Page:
Scott Gerber is a self taught serial entrepreneur, sought-after public speaker, internationally syndicated business columnist, television commentator, and author of the book ”Never Get a “Real” Job”. He is the producer and host of “Founders Forum with Scott Gerber” on Inc.com.
He’s been widely recognized as the world’s most-syndicated columnist on the subject of entrepreneurship. His columns appear regularly on TIME, Inc., MSN, CNBC, CNN, Mashable, The Next Web, and The Huffington Post. Scott is also a regular contributor on MSNBC, Fox Business and CNN.
Scott is the founder of the Young Entrepreneur Council, an invite-only organization comprised of many of America’s most successful young entrepreneurs. He has been a featured speaker at the White House and has rung the NASDAQ Stock Market Closing Bell. In 2011, he was named one of Mashable’s “4 Young Social Good Entrepreneurs to Watch. In 2012, he was named a “generation Y employment champion” by Fortune Magazine. In 2013, Fast Company named him a “superconnector” and the “Pandora of Gen Y networking”.
He has been featured in the New York Times, the Wall Street Journal, the Washington Post, TIME, CNN, Reuters, Mashable, CBS Evening News, ABC World News Tonight, MSNBC, US News & World Report, Fox News, Inc. and Entrepreneur.
The Young Entrepreneur Council
Described as “America’s most elite entrepreneur organization” by Forbes, The Young Entrepreneur Council (YEC), founded by Gerber in 2010, has several hundred members, all successful entrepreneurs and business owners, ages 21-40 – a group that includes the founders and leaders of Hootsuite, Chegg, Indiegogo, Rent The Runway, College Hunks Hauling Junk, Modcloth, Meet.me, Thrillist, Yodle, iContact, 2U (formerly 2tor), Threadless, Grasshopper, Likeable, Kissmetrics and Blip.tv. The YEC provides its members with access to tools, mentorship, and resources that support each stage of a business’s development and growth.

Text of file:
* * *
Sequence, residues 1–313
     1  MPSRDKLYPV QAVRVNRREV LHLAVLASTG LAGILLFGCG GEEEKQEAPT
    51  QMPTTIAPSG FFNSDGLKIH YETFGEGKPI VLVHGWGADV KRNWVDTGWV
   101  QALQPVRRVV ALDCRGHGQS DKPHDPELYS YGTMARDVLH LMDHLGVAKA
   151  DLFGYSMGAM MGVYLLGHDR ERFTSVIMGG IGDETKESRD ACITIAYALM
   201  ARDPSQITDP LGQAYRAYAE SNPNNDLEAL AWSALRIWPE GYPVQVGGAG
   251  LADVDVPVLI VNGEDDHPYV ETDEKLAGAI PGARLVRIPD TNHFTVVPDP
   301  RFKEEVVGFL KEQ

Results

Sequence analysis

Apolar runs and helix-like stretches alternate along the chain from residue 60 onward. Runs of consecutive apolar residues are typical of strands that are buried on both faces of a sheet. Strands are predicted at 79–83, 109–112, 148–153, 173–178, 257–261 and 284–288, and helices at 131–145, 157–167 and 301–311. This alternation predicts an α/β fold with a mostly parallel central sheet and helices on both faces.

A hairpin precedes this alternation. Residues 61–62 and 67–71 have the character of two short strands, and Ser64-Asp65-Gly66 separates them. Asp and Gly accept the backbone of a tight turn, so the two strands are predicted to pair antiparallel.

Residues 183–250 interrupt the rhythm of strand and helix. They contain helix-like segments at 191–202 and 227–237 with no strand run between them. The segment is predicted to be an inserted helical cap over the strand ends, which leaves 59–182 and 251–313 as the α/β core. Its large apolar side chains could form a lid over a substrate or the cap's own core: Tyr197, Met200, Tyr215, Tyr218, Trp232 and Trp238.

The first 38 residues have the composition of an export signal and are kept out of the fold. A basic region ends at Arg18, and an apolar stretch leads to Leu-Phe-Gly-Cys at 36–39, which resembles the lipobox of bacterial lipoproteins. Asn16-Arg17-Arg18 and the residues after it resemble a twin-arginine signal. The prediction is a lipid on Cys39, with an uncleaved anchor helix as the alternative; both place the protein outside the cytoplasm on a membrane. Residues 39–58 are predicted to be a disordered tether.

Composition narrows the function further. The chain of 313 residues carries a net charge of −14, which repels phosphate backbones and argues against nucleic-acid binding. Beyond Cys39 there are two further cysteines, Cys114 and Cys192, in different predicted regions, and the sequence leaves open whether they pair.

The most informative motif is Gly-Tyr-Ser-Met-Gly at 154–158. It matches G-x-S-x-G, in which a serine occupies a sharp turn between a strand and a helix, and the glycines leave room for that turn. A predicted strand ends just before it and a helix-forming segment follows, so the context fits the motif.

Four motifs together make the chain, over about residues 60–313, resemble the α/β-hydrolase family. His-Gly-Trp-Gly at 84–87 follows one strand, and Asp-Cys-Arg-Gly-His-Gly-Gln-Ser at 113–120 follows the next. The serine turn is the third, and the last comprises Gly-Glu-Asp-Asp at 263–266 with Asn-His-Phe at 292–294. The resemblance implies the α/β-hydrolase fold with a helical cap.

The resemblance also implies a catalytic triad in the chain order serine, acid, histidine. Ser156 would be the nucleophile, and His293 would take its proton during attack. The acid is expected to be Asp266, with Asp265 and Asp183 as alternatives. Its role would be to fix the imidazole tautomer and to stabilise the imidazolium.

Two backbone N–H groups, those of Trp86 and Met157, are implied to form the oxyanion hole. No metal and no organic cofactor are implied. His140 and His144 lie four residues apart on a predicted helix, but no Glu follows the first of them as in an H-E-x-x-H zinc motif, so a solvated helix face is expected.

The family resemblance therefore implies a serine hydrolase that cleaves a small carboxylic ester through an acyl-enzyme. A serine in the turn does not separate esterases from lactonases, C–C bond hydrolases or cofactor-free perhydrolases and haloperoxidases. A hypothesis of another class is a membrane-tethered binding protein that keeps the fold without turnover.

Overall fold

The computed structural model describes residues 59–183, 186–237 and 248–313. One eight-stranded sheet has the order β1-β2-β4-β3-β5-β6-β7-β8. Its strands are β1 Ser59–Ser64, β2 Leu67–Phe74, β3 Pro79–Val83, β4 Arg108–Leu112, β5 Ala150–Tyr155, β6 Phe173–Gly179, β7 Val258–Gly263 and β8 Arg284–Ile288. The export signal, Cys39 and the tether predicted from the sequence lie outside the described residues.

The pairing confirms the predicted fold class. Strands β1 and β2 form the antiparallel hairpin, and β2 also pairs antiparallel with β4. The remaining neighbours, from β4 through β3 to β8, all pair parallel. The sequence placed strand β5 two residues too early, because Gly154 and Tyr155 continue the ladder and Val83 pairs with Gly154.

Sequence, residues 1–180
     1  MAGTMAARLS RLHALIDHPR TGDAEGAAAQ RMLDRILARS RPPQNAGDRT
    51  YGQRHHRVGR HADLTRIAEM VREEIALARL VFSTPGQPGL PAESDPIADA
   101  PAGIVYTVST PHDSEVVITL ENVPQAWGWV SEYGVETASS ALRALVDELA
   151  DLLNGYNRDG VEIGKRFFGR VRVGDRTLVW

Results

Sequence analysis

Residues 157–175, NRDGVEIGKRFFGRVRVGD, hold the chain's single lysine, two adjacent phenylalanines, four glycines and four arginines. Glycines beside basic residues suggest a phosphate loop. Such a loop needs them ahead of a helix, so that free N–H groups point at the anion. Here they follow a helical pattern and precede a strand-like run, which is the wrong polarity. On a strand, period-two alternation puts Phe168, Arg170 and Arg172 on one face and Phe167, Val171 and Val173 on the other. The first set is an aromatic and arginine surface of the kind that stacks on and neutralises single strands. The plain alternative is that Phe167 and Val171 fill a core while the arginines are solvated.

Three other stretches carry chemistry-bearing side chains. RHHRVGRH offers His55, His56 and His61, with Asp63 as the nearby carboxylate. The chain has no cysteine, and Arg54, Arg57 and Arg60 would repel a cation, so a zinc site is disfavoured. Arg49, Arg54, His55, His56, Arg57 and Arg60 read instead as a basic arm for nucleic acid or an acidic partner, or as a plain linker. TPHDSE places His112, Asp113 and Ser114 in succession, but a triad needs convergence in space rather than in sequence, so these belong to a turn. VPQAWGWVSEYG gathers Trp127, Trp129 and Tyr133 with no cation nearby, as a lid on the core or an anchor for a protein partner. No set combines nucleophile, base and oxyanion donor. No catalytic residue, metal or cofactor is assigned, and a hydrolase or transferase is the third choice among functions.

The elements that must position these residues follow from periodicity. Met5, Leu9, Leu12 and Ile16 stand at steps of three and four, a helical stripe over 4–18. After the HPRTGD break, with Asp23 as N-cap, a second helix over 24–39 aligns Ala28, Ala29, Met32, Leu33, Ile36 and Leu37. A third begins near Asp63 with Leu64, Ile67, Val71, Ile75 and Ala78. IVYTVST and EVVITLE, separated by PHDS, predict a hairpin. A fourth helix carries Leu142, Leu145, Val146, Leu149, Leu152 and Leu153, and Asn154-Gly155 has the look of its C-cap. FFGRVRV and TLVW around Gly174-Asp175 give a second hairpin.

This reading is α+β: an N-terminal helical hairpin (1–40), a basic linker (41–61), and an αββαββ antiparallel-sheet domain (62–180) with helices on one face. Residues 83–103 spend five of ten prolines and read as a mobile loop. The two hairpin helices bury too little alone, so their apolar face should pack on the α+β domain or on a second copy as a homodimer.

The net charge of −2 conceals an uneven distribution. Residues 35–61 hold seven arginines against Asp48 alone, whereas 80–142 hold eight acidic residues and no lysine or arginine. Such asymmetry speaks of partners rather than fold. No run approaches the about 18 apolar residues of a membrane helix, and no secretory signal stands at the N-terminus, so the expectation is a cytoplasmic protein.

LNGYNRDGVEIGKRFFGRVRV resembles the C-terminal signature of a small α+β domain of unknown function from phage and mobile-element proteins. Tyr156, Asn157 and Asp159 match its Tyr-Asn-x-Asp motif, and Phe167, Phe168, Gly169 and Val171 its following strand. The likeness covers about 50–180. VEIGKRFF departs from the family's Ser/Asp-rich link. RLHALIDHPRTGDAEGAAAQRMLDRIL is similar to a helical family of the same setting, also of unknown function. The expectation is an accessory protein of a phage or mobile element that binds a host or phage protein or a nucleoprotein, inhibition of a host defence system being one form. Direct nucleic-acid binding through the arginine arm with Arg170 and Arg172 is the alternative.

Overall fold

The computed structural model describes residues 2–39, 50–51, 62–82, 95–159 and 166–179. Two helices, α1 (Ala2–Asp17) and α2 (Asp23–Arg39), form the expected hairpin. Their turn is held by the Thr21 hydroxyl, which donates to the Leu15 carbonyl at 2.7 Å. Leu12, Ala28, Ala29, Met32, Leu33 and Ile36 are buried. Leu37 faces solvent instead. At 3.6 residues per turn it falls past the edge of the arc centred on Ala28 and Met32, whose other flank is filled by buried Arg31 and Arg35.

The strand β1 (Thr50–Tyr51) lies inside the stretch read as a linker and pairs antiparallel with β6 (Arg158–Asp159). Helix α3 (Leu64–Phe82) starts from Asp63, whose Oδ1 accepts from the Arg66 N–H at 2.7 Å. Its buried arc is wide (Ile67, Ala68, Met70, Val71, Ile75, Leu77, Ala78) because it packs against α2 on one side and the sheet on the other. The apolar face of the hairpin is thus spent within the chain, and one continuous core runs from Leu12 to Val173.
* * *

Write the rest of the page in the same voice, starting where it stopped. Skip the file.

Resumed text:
Youth Entrepreneurship Act
Gerber’s YEC is co-author of the Youth Entrepreneurship Act, proposed legislation designed to make it easier for young people to start a business. The Act includes student loan forgiveness programs, expanded access to micro loans, and increased investment in entrepreneurship education.
More specifically, the Act, co-written with Youth Invincibles, calls for federal action to:
- Expand, and more directly target, federal incentives for education in entrepreneurship at both secondary and post-secondary levels.
- Encourage entrepreneurship through agency-sponsored student entrepreneurship events and learning, modeled after United States Department of Health and Human Services initiatives.
- Provide greater flexibility in the use of Title 5 “Well-Rounded” funds under the Elementary and Secondary Education Act (ESEA) so that local and state educators can better support entrepreneurship education programs.
- Double the capital available and restructure the Small Business Administration Microloan Program, target outreach to young people, and ensure that intermediaries are not putting up barriers to accessing these dollars due to lack of credit or collateral. Target loan programs to young people without college degrees and in communities of color.
- Incentivize innovative private sector programs that provide start-up capital and services to young entrepreneurs.
- Implement a federal student loan deferment, reduction, and forgiveness program for
- young people who start businesses, and maximize the existing Income-Based Repayment program.
- Target federal government procurement at young small businesses.
Never Get a “Real” Job
Never Get a “Real” Job: How to Dump Your Boss, Build a Business, and Not Go Broke is Gerber’s auto-biographical story of a hard-working, self-taught 26-year-old hustler, rainmaker, and bootstrapper who has survived and thrived despite never having held the proverbial “real” job. Gerber challenges the social conventions behind the “real” job and empowers young people to take control of their lives and dump their nine-to-fives—or their quest to attain them. Drawing upon[case studies, experiences, and observations, Scott dissects failures, shares hard-learned lessons, and presents practical, affordable, and systematic action steps to building, managing, and marketing a successful business on a shoestring budget. The book aims to teach unemployed and underemployed Gen-Yers, aspiring small business owners, students, and recent college graduates how to quit 9-to-5s, become their own bosses, and achieve financial independence.
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